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High court to tackle ineffective assistance

Amelia L. Bizzaro

Amelia L. Bizzaro

This month, the U.S. Supreme Court granted cert in two related plea cases addressing ineffective assistance of counsel, Lafler v. Cooper (No. 10-2009) and Missouri v. Frye (No. 10-444).

In both cases, there is no question that counsel’s performance was deficient. In both cases, the defendants received relief in the lower courts and the state sought review in the Supreme Court. While the cases will be addressed separately, the Court ordered the parties in both cases to brief “[w]hat remedy, if any, should be provided for ineffective assistance of counsel during plea bargain negotiations if the defendant was later convicted and sentenced pursuant to constitutionally adequate procedures?”

Cooper is a Section 2254 case involving a Michigan state conviction. Michigan charged Cooper with several crimes, including assault with intent to murder. After the preliminary hearing, the state made an offer to Cooper’s counsel: Cooper could plead guilty to assault with intent to murder and face a below-guidelines minimum sentence of 51 to 85 months. Counsel advised Cooper to reject the deal based on a misunderstanding of Michigan law. Cooper followed his advice and the jury convicted him at trial. Cooper does not allege any mistakes at trial; rather, the issue is whether he is entitled to relief because he relied on his attorney’s bad advice, even though the resulting trial and sentencing hearing were constitutionally fair.

The state contends that the Sixth Amendment right to the effective assistance of counsel is for one purpose: “to ensure a fair trial for the criminally accused. The kind of prejudice suffered by Cooper cannot form the basis for relief under the Sixth Amendment because his conviction was obtained after an admittedly fair and reliable trial.”

Frye is a review of a Missouri state conviction. Missouri charged Frye with felony driving while his driving privileges were revoked. Before the preliminary hearing, the state conveyed an offer to Frye’s attorney, offering to allow Frye to plead guilty to misdemeanor driving while revoked. The offer was only good until a week before the preliminary hearing. Counsel never conveyed the offer to Frye, who ultimately entered a plea to the original felony charge. Frye did not learn of the offer until after he was convicted, and on post-conviction maintained that he would have accepted the offer if he had known about it.

As in Cooper, the state argued in its petition for writ of certiorari that the Sixth Amendment’s protections do not apply. The state asserts that Hill v. Lockhart, 474 U.S. 52 (1985), does not apply, because it is limited to cases in which, but for counsel’s error, the defendant would have gone to trial. Frye, in contrast, seeks to enter a plea agreement with a better deal, not go to trial.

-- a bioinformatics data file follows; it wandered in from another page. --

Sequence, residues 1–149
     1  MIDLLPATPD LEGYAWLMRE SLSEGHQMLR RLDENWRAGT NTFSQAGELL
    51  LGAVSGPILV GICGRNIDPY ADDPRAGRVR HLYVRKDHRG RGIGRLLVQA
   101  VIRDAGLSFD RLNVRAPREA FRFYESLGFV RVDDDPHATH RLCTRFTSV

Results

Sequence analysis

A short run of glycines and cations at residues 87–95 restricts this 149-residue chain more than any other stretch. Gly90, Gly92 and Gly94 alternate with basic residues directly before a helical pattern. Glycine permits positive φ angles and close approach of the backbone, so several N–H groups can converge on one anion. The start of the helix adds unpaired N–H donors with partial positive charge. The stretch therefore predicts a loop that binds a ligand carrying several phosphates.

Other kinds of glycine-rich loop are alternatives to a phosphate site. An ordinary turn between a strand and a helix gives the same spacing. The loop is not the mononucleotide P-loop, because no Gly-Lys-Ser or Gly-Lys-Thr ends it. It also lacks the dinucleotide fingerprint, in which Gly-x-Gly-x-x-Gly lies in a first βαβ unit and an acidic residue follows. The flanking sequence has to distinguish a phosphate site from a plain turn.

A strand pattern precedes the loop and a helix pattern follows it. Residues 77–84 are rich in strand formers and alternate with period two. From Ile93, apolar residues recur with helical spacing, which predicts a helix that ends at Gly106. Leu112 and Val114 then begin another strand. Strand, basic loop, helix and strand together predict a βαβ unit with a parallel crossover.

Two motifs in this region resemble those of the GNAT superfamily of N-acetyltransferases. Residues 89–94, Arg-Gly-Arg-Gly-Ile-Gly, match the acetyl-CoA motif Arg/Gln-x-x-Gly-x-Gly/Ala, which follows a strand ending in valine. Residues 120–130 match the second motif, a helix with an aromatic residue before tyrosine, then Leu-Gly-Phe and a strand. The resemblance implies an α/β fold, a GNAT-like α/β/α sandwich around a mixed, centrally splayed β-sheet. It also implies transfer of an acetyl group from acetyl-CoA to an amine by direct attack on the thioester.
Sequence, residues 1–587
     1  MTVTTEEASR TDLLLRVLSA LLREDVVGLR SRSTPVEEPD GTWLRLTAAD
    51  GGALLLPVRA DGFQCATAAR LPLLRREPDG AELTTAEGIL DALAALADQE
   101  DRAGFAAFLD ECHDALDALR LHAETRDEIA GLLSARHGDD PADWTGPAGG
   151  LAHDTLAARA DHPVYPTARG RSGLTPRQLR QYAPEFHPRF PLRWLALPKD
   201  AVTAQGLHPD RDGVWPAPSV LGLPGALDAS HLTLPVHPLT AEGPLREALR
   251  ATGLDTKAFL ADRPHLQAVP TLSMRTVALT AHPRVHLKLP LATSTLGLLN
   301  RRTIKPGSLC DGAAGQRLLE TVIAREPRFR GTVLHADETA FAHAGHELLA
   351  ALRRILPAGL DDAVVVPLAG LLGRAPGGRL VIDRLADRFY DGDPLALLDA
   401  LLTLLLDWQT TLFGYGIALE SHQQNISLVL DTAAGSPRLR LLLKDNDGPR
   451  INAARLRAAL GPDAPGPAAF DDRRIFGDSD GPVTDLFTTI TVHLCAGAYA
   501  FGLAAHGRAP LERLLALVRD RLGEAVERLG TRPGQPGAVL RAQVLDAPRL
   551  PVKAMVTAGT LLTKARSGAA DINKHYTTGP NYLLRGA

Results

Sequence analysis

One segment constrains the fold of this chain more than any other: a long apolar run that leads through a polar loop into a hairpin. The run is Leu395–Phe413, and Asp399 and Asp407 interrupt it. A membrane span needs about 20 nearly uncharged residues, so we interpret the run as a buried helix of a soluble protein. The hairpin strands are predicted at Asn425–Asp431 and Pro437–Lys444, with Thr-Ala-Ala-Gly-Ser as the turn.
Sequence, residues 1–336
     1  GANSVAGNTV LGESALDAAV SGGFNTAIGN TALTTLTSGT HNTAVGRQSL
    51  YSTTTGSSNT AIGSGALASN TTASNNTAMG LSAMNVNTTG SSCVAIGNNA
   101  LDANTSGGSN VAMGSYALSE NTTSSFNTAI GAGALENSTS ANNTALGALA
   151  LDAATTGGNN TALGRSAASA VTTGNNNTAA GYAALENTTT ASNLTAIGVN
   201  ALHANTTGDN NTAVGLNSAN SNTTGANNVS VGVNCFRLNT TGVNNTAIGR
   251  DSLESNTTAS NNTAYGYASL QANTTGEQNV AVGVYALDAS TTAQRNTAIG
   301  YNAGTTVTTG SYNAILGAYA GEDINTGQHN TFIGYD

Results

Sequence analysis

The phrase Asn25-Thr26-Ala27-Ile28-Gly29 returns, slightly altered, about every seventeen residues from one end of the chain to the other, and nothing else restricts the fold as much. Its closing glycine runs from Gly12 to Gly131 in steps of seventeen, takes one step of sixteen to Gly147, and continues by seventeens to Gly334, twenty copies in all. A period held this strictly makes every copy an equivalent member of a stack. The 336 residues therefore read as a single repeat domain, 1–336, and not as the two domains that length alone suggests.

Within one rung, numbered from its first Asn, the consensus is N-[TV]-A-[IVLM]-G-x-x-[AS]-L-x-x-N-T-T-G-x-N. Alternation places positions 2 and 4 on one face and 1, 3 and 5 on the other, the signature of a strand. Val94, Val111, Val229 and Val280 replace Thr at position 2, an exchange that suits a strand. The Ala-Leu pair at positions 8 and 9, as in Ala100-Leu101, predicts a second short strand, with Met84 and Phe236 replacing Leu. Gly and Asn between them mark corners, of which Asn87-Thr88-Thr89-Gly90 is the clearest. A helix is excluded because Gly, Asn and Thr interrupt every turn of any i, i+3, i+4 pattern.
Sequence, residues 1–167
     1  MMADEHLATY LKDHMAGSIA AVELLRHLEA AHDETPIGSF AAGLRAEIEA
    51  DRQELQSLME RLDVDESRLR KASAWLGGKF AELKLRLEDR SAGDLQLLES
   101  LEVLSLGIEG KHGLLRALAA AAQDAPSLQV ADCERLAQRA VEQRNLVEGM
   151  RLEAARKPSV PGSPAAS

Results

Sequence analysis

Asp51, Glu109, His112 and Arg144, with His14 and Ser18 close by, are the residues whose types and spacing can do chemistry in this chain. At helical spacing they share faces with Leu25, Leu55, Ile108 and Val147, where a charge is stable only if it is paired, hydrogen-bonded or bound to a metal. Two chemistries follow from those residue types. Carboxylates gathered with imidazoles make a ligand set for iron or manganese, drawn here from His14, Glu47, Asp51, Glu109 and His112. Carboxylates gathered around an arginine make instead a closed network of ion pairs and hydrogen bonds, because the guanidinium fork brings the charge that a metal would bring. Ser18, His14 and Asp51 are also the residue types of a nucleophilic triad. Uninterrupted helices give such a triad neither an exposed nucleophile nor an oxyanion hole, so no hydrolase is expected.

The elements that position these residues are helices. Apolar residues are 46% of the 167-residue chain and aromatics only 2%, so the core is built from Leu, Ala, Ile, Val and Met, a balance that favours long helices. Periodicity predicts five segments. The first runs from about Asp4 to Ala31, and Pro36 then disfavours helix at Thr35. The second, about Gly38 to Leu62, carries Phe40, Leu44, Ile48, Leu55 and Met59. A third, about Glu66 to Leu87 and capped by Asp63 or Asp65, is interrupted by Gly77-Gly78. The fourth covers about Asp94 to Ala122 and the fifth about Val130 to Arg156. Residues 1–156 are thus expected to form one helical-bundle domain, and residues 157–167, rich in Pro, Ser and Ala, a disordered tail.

In both cases, the state seeks a very narrow interpretation of Strickland v. Washington, 466 U.S. 688 (1984), applying it to trial only. Under the state’s theory in both cases, Strickland does not apply to pre-trial proceedings or sentencing. As Professor Michael O’Hear recently blogged, “that can’t be right.”

The majority of cases are resolved by pleas. The idea that that process may not be subject to analysis under Strickland seems a little outrageous. How can it not be? Are we really saying that a defendant whose attorney fails to convey an offer or who misadvises him about that offer just has to live with his attorney’s mistake?

In a form over substance argument, the state seeks to create a distinction between trial and everything else, particularly sentencing. The problem is that one cannot be divorced from the other. The fairness of the sentence is based on the fairness of the proceedings that lead up to sentencing, whether it is a trial or a guilty plea hearing. Counsel’s performance at sentencing is equally important to his or her performance at trial. As a result, there must be some remedy for the defendant who relies on his attorney to do his or her job by conveying offers and properly interpreting the law.

Amelia L. Bizzaro is the principal at Bizzaro Law LLC and dedicates her practice to state and federal post-conviction and appellate work. She is on the board of directors for the Wisconsin Association of Criminal Defense Lawyers, a member of the state bar’s appellate practice section and is co-chair of the Milwaukee Bar Association’s Bench/Bar Court of Appeals Committee. The Wisconsin Law Journal named her one of 2010’s Up and Coming Lawyers.

One comment

  1. Ineffective counsel nearly wrongfully placed me in prison for four years and my three small children in foster care. I had two public defenders. One withdrew at pre trial conference because he had relations with the persons pressing charges on me. The trail was vacated. The other PD maintained the same reckless indifference to the facts and law. I was studing the law the whole time I was prosecuted… over one year. I filed a pro se motion to dismiss and the state dismissed the case.

    This is so unfortunate most poor, uneducated people cannot effectively file pro se motions to get their case dismissed or with- stand the pressure to take the plea bargain. I even had a prosecutor come to my home and intimadate me into taking a plea. I knew I was innocent and that my God would deliver me; however, most people don’t have that type of faith. Something should be done to correct the issue of ineffective counsel, especially when it’s the PD who is an arm of the federal government. I think that they really work for the prosecution anyway.


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